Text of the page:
sensors and arduino’s

Getting stuff in like light sensors, pressure sensors and switches, and getting stuff out like LEDS and motors is a fairly easy job using a raspberry pi and an arduino. Theres a lot of different things to learn, and remember , and i would suggest going on a short how to use an arduino course. The guide here is a general how-to guide and will list different resources for you to investigate further.

The raspberry pi can do what a arduino can do with out an arduino, but having an external board you can plug in and out is a more convenient way to deal with sensors.

the arduino

heres the arduino website

Arduino come in many flavours and styles, there’s also much cheaper knock off versions available too (although these sometimes need a bit of “fiddling”) i would suggest for your first arduino project buy an UNO.

preparing your arduino for pure data

before you can use your arduino you have to install standard firmata on it. Pretty easy if you follow these instructions

preparing pure data for the arduino

the floss instructions have the basics of pduino and is a good place to reference.meanwhile……

In a terminal window on the pi type

sudo apt-get install pd-comport

tihs will install the external comport into your library if you dont haave it already.

Attach your arduino to one of the pi’s usb ports, then open pd. we need to download the pduino external, then point pd path to it.




now we can open the pduino help patch from the browser


if we’re lucky it’ll open the arduino up first time (the StandardFirmata.ino 2.5 message gives it away) and we can see the details of the arduino in the pd window. If it doesn’t show up click the message box marked “devices” and all the devices and their device numbers are listed in the pure data window (you can see mine listed as serial line device 1 (/dev/tty/USB0)), type this number in the “enter the number of your serial device” number box and the arduino will get recognised. Now its time to attach sensors.


lots of different sensors do lots of different things, and theres a few ways of wiring up different sensors, they plug into the arduino in different ways. A good place to start would be to purchase a sensor kit like this. which comes with a detailed pdf.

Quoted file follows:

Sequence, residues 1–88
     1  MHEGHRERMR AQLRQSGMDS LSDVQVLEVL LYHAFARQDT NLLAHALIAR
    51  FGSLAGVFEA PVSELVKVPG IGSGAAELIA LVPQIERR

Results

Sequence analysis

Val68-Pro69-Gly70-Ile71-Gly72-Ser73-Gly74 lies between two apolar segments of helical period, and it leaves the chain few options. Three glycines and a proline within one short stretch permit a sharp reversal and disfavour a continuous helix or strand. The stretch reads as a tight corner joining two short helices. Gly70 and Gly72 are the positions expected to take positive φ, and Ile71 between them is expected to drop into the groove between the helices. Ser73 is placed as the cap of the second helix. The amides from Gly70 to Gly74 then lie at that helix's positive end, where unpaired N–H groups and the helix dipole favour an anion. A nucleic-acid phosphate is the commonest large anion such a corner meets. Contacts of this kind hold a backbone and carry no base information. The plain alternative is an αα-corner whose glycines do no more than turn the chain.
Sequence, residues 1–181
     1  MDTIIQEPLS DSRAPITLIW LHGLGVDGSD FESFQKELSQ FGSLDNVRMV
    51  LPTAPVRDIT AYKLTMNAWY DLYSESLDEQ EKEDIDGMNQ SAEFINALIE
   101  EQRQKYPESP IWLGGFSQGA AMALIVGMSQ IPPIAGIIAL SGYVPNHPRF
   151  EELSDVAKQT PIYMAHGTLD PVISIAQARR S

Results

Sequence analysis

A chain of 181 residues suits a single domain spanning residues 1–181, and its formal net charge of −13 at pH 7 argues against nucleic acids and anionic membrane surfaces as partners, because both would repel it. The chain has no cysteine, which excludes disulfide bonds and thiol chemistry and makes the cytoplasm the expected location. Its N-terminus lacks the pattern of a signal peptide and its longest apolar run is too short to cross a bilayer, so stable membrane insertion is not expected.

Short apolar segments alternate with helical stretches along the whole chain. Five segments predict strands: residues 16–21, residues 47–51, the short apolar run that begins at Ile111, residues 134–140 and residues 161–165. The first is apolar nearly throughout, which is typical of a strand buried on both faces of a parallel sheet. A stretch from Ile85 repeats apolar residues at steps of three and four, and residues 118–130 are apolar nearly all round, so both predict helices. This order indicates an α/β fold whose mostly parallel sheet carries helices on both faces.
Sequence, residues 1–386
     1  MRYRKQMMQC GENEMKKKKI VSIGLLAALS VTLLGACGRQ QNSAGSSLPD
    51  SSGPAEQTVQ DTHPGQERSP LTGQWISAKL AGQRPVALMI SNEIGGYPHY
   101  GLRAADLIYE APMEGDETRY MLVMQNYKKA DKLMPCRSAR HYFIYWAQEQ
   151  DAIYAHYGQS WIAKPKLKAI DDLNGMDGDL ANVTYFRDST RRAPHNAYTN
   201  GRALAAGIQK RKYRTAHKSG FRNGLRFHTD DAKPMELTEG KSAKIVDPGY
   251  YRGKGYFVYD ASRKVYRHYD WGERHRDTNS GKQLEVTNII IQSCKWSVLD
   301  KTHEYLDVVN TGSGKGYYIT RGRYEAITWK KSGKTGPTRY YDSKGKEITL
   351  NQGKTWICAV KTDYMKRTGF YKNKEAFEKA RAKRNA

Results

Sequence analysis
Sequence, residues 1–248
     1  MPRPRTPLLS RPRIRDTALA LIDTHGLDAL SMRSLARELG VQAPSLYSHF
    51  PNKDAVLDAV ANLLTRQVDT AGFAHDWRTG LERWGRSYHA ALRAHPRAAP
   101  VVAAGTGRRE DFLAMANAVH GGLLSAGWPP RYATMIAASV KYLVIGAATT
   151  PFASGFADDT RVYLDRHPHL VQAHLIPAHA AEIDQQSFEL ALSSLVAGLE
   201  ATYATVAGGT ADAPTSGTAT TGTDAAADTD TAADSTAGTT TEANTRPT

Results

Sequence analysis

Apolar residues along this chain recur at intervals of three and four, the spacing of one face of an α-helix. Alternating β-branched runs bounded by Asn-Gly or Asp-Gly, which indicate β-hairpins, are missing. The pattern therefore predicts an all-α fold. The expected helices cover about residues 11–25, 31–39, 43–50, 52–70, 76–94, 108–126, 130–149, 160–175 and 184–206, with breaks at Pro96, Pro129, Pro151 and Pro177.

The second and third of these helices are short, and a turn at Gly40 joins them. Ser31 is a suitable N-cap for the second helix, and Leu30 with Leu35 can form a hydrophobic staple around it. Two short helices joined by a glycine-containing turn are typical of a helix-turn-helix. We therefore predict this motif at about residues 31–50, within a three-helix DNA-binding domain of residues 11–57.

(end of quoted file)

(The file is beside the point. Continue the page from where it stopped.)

heres a couple of the pages, showing you the knock sensor and how to wire it  up. We don’t need all the information (it goes on to give a program to use it on an arduino – but we’ll be using the pi and arduino), we just need to know what pins do what and how to wire it to the arduino.


Untitled 2iiiiiiiiiii

the pin with the info on it (the signal) goes to arduino digital pin 3

we can interrogate this pin to find out what is happening .Go to the pd_INPUT_DIGITAL box and double click, which will bring up this interface. In set pin mode click the circle with 3 above it to turn the pin on, and now the number 3 cross below should light up each time we get a knock.



digital pins IN gives us an on and off (like a switch) that we can monitor, digital pins OUT give us an on and off that could turn on a LED ,motor or circuit.

analogue pins IN give us a range of values, something like a light or temperature sensor, similarly at PWM out give us a sliding scale so we can fade up an led or slow down a motor.

Theres also output-servo settings that can precision control servo motors.

here you can see an analogue sensor for humidity testing wired in. See how its now connected to the first analogue in


with pdunio i open ANALOG_INPUTS and click on the 14th circle marked A0. That turns on the input for analogue 0 and we can see it being monitored underneath.